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Teachers are Learners

If you ask your son what makes him successful at school, you probably won’t hear about an online platform or a glossy new textbook. No, more than likely, you will hear something along these lines, “It’s Ms Wonderful, she never gives up on me.” Which is why schools need to invest in their most valuable and influential resource, their teachers.

How Do Teachers Learn?

Teaching and learning are processes that are inseparably linked together. Teachers are professional learners. Good teachers can motivate students with a desire to learn.

This year at Ambrose Treacy, we have been taking a closer look at the forms of teacher learning that supports student learning: How do our teachers learn best? One of the most powerful strategies to improve student learning is collaboration. John Hattie (the go-to-guru for all things education) explains that schools must create the structures and cultures that foster effective educator collaboration – collaboration that focuses on factors to influence and impact student learning in a positive way. The key message is clear – educators should not work in isolation.

If you ask a teacher what the best learning is to support their teaching, they will invariably say, ‘learning that is connected to my subject’. In 2021 we have made some deliberate attempts to do just this, with subject-specific professional development.

Developing Communities of Practice at ATC

A community of practice is a group of people who share a common concern or an interest in a topic and come together to fulfil both individual and group goals. Communities of practice often focus on sharing best practices and creating new knowledge to advance an area of professional practice.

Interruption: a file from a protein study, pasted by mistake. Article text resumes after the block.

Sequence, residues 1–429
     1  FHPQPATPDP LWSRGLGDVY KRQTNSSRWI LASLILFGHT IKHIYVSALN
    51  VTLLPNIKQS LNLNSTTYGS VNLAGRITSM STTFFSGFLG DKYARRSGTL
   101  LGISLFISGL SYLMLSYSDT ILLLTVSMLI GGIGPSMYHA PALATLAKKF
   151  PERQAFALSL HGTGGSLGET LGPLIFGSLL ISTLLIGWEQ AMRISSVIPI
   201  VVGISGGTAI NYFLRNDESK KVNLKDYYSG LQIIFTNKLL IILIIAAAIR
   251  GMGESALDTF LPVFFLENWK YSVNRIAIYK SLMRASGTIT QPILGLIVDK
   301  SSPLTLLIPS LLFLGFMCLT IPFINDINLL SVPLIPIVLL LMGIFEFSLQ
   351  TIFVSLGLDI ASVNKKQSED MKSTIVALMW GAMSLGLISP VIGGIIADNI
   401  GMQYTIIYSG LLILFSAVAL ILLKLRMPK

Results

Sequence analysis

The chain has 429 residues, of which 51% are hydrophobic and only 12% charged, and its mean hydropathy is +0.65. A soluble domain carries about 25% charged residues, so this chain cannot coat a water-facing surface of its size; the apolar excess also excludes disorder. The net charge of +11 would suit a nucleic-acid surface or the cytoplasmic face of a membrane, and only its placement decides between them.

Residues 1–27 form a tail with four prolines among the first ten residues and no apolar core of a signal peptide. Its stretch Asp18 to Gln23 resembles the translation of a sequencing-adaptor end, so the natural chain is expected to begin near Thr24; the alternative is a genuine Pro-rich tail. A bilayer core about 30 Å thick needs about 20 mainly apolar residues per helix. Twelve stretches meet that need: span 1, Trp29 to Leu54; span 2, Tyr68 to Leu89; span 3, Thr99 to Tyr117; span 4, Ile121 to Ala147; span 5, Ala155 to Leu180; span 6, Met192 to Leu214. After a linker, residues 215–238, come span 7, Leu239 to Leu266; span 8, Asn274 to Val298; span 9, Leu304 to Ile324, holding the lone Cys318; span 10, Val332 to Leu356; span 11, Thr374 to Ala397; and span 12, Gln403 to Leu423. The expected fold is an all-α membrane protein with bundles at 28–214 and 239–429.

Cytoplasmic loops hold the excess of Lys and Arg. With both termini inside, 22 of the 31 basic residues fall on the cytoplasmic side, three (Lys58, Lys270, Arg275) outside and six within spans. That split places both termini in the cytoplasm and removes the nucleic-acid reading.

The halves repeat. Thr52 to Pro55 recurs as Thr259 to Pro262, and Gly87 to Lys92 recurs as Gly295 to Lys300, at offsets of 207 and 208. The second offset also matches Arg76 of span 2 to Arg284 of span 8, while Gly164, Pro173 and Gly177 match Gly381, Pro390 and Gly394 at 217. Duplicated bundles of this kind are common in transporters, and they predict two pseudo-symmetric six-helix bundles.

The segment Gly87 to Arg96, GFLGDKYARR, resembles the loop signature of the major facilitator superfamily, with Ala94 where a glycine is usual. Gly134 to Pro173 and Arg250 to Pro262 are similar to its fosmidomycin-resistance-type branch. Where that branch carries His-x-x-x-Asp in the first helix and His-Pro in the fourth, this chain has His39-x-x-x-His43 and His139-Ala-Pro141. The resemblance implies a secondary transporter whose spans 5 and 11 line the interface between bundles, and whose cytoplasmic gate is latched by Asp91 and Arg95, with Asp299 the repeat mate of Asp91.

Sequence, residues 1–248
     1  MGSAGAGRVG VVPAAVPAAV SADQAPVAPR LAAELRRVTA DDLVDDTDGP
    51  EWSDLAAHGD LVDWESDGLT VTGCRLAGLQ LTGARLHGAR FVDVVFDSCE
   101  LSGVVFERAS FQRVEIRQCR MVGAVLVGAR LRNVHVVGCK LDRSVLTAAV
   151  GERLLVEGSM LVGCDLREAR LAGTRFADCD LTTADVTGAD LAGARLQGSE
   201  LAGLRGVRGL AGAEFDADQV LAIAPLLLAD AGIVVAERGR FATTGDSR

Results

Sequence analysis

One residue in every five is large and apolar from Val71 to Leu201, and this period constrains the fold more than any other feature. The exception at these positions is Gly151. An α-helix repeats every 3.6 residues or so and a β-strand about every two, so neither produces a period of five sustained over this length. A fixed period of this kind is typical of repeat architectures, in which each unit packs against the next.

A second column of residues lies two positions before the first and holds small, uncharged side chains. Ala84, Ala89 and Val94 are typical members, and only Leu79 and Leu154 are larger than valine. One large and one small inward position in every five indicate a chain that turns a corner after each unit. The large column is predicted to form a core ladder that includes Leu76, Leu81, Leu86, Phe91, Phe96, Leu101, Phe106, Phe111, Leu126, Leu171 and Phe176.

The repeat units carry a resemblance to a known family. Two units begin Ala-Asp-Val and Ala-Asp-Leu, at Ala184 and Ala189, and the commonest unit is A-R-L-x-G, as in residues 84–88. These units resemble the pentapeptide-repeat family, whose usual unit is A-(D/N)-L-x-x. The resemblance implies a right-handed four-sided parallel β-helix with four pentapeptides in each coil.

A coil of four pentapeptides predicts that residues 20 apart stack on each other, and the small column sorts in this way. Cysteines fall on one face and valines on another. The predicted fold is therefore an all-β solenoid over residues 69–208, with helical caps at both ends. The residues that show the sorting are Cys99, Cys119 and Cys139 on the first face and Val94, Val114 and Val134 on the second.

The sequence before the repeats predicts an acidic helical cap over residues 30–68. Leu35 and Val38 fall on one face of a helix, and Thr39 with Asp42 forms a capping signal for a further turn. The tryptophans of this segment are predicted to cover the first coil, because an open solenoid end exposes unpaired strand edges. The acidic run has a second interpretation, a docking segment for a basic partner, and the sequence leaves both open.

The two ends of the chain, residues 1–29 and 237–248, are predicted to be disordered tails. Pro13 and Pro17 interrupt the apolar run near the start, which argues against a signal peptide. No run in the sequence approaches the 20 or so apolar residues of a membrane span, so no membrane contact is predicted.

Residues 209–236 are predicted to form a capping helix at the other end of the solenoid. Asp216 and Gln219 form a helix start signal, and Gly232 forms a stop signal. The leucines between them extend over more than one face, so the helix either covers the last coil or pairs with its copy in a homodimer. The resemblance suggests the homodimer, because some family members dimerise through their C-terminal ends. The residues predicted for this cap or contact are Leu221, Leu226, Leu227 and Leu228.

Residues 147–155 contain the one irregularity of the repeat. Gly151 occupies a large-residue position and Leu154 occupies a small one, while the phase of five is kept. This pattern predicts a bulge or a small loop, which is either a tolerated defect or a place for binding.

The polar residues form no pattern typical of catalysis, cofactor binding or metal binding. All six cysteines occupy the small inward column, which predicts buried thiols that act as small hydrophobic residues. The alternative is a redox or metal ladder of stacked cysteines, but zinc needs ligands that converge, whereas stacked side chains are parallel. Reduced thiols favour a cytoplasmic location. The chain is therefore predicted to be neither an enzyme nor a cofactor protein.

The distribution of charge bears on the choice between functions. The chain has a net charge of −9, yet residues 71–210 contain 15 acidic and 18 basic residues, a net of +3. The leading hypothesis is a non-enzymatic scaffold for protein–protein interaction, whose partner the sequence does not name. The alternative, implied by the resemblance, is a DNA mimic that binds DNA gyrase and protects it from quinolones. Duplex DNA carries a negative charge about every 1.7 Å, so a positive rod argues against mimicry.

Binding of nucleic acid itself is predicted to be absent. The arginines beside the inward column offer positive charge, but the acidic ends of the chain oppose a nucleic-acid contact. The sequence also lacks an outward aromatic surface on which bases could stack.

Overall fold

Through a Literacy Community of Practice, represented by a teacher from every subject in the school we are connecting teachers with learning that is subject specific and transferrable across curriculum areas. Our teachers are learning how to embed transferrable literacy strategies in all curriculum areas. The members of the CoP are then teaching their own departments how to use High Impact Literacy strategies in their unique subject.

What are our teachers learning about?

Based on an analysis of our student data, it comes as no surprise, in a boy’s school that Literacy continues to be a high priority at Ambrose Treacy College. High quality implementation of educational approaches to teaching literacy can have a significant impact on improving students’ outcomes.

Teachers at Ambrose Treacy College recognise that Literacy is not just about being successful in an English class, it is an approach to improving literacy across the curriculum. We recognise that literacy skills are both general and subject specific, emphasising the value of supporting teachers in every subject to teach students how to read, write and communicate effectively in a variety of subject areas.

This year our teachers are teaching one another High Impact Strategies to develop our boy’s literacy skills. The high impact Literacy Strategies our teachers are learning about in their CoP include Tiered Vocabulary, Text coding and Modelled Writing.

Over the course of this year our teachers have the opportunity to build a collective understanding of research-based practices in literacy instruction. By using these strategies, we are building our pool of knowledge, professional learning communities and evidence-based practices to increase the probability of literacy intervention effectiveness for our students at ATC.

Staff at a Recent Teacher PD Session

Lisa Holohan
Assistant Dean of Learning – Teacher Growth and Development